Bob Edwards Weekend (August 15-16, 2015)

 

HOUR ONE:

One of the most legendary moments in rock-n-roll history started with an ad placed in the New York Times and Wall Street Journal:  “Young men with unlimited capital looking for interesting, legitimate investment opportunities and business propositions.”   That “Aquarian Exposition” took place 46 years ago this weekend.  Greg Walter worked on the backstage crew of Woodstock and came away with more than his share of stories, which he includes in Woodstock: A New Look - along with photographs he shot during the festival.

 

HOUR TWO:

In 1939, this was the opening weekend for a bold new film.  Bob talks with historian John Fricke about the cast and history of the American classic The Wizard of Oz.

Then, we’ll help celebrate the 70th birthday of Steve Martin. The actor, comedian, writer, musician and all around Renaissance man returned to the banjo on his second album Rare Bird Alert.  Martin is joined on the CD by the bluegrass group The Steep Canyon Rangers, with special guests The Dixie Chicks and Paul McCartney singing a couple of Martin’s original tunes.

The Bob Edwards Show Schedule (August 10-14, 2015)

Monday, August 10, 2015: Rolling Stone contributing editor Anthony DeCurtis has appeared on this program every year since 2005.  For five years, he was our regular music reviewer.  And every year, he comes back at Christmas time to review his favorite songs and albums of the past 12 months. In 2005, he talked to Bob about his book titled In Other Words: Artists Talk About Life and Work. It was a collection of his own writings and interviews with some of rock and roll’s biggest stars.  Then Bob talks with DeCurtis about a later book.  Blues and Chaos is a collection of pieces written by legendary music critic Robert Palmer.  The articles, which appeared originally in Rolling Stone and the New York Times, were arranged thematically and edited by DeCurtis.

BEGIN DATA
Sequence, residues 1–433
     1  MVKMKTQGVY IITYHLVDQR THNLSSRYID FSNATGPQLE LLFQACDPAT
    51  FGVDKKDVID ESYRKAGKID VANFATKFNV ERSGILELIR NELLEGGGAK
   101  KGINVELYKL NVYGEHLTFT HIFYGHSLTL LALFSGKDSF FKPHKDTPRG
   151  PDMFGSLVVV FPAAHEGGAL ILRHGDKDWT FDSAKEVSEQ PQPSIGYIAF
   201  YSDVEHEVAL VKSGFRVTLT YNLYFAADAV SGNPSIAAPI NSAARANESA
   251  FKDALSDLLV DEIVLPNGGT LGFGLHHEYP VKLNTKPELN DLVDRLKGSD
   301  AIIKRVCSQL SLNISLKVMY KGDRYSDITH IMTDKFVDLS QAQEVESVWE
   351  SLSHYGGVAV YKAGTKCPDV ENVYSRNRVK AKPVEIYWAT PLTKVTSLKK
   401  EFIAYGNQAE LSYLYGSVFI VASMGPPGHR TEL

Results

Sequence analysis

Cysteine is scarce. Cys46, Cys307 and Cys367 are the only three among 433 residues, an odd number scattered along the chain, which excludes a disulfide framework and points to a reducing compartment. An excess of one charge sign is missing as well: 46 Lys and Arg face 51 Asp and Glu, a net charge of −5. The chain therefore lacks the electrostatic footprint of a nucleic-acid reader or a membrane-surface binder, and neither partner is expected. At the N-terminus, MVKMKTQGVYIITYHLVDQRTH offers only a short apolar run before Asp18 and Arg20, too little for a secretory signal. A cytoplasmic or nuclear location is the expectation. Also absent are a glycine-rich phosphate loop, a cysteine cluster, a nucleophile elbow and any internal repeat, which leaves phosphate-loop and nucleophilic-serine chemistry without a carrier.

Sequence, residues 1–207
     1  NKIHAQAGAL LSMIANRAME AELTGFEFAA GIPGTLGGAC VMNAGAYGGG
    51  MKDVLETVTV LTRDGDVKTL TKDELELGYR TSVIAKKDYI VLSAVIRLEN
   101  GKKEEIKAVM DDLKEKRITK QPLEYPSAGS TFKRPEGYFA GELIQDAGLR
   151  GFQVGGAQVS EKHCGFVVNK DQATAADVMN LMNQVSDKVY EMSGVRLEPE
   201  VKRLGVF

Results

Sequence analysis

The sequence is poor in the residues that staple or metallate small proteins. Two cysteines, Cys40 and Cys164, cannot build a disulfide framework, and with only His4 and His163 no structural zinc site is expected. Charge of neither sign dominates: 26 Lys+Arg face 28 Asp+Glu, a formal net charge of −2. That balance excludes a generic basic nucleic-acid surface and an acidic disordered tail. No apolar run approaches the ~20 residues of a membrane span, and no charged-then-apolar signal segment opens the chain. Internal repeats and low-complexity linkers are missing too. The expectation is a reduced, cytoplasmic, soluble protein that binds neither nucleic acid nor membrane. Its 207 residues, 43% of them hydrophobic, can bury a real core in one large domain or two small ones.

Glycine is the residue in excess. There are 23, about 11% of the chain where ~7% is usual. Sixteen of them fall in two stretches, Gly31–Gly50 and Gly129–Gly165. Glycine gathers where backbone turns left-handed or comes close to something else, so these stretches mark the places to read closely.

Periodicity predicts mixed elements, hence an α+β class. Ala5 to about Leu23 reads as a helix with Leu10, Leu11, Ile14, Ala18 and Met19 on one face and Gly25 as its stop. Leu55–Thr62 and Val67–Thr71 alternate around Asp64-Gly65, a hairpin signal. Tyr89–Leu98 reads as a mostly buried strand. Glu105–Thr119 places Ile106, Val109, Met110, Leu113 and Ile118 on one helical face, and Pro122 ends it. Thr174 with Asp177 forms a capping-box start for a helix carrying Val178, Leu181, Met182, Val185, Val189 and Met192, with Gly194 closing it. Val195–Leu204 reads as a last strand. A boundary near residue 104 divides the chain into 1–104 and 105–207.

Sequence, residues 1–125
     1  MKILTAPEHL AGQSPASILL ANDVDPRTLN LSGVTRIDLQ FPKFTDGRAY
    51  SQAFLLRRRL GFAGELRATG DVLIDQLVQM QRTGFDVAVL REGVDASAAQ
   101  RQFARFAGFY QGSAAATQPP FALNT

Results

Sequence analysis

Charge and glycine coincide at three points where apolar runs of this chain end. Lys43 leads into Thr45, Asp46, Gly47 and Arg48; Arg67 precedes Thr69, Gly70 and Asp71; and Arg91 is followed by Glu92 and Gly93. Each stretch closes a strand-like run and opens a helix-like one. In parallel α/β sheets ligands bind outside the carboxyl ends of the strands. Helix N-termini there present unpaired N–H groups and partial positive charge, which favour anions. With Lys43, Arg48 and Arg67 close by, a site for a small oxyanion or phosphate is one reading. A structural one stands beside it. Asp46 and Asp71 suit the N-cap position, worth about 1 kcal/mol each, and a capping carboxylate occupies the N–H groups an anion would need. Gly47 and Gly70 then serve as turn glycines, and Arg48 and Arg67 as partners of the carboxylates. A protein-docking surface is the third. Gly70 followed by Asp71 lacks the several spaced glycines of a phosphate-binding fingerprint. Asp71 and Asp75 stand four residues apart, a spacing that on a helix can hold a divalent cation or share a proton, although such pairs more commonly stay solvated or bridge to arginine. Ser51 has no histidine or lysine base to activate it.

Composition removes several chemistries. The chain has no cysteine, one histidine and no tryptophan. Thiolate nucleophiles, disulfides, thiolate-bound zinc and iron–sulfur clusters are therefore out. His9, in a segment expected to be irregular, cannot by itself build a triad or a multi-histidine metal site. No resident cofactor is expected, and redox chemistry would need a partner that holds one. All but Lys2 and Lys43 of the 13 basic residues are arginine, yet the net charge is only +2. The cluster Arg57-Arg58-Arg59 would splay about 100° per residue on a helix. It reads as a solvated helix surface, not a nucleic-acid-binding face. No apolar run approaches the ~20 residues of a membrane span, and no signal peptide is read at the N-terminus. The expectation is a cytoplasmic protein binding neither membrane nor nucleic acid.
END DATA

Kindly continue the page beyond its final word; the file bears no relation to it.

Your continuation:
Tuesday, August 11, 2015: There’s an old adage that only two things in life are certain: taxes and death. But modern medicine has made the latter less certain. These days, dead people can live for a long time on life support. For instance, stroke victims are regularly kept alive long enough to donate their organs, and brain-dead pregnant women are sometimes kept alive long enough to deliver their babies. Dick Teresi details the long, complicated history of the changing definition of death in his book, The Undead: Organ Harvesting, the Ice-Water Test, Beating-Heart Cadavers – How Medicine Is Blurring the Line Between Life and Death.

Wednesday, August 12, 2015: Bob talks to Pulitzer Prize winning journalist, Ron Suskind, and his wife, Cornelia Kennedy, about the challenges of raising their autistic son, as detailed in Suskind’s book titled Life, Animated: A Story of Sidekicks, Heroes and Autism.  Just before his third birthday, their chatty, cheerful son suddenly stopped talking or making eye contact.  He eventually re-learned how to express himself by watching, memorizing, and impersonating characters from Disney animated films. Then a different look at Disney. Director Don Hahn and producer Peter Schneider discuss their documentary Waking Sleeping Beauty. It’s a behind-the-scenes view into the turf battle at the Disney studios between the old animators and new innovators as the studios made the difficult transition from the bleak 1980s to its glory days following the success of The Little Mermaid.

Thursday, August 13, 2015: Berlin was divided on this date in 1961.  Two days later, work began on The Berlin Wall, the famous symbol of division between East and West … The Iron Curtain.  Florian Henckel von Donnersmarck is the director and screenwriter of the political thriller, The Lives of Others. The Oscar-winning film begins in East Berlin in 1984, ends in 1991 and focuses on the Stasi, the German Democratic Republic’s vast network of informers that at one time numbered 200,000 people. Then an earlier chapter in Berlin’s history. The Berlin Airlift has been called the first battle of the cold war. For almost a year, young men flew old planes over Berlin dropping food, fuel, medicine — even candy — to the two million people below. In his book Daring Young Men, historian Richard Reeves tells the stories of the civilian airmen who carried out one of history’s largest humanitarian campaigns. 

Friday, August 14, 2015: In 1939, this was the opening weekend for a bold new film.  Bob talks with historian John Fricke about the cast and history of the American classic The Wizard of Oz. Then, we’ll help celebrate the 70th birthday of Steve Martin. The actor, comedian, writer, musician and all around Renaissance man returned to the banjo on his second album Rare Bird Alert.  Martin is joined on the CD by bluegrass group The Steep Canyon Rangers, with special guests The Dixie Chicks and Paul McCartney singing a couple of Martin’s original tunes.

 

Bob Edwards Weekend (August 8-9, 2015)

HOUR ONE: